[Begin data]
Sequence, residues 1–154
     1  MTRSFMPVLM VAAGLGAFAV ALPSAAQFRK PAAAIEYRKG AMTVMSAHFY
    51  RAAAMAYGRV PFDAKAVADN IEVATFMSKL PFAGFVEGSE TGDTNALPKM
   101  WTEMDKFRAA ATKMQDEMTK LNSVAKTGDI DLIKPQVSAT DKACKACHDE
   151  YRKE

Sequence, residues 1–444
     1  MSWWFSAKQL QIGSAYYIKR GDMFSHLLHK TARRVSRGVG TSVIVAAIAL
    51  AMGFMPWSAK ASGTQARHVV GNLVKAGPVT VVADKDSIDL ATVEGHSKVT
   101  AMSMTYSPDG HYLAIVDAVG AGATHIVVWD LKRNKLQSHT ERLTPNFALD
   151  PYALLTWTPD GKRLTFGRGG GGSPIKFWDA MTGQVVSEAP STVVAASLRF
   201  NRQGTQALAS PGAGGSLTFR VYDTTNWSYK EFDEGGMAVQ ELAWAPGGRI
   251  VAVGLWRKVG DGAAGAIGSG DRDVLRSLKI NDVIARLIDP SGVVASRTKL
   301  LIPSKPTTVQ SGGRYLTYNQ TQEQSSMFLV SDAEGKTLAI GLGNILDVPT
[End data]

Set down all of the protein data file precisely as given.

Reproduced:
Sequence, residues 1–154
     1  MTRSFMPVLM VAAGLGAFAV ALPSAAQFRK PAAAIEYRKG AMTVMSAHFY
    51  RAAAMAYGRV PFDAKAVADN IEVATFMSKL PFAGFVEGSE TGDTNALPKM
   101  WTEMDKFRAA ATKMQDEMTK LNSVAKTGDI DLIKPQVSAT DKACKACHDE
   151  YRKE

Sequence, residues 1–444
     1  MSWWFSAKQL QIGSAYYIKR GDMFSHLLHK TARRVSRGVG TSVIVAAIAL
    51  AMGFMPWSAK ASGTQARHVV GNLVKAGPVT VVADKDSIDL ATVEGHSKVT
   101  AMSMTYSPDG HYLAIVDAVG AGATHIVVWD LKRNKLQSHT ERLTPNFALD
   151  PYALLTWTPD GKRLTFGRGG GGSPIKFWDA MTGQVVSEAP STVVAASLRF
   201  NRQGTQALAS PGAGGSLTFR VYDTTNWSYK EFDEGGMAVQ ELAWAPGGRI
   251  VAVGLWRKVG DGAAGAIGSG DRDVLRSLKI NDVIARLIDP SGVVASRTKL
   301  LIPSKPTTVQ SGGRYLTYNQ TQEQSSMFLV SDAEGKTLAI GLGNILDVPT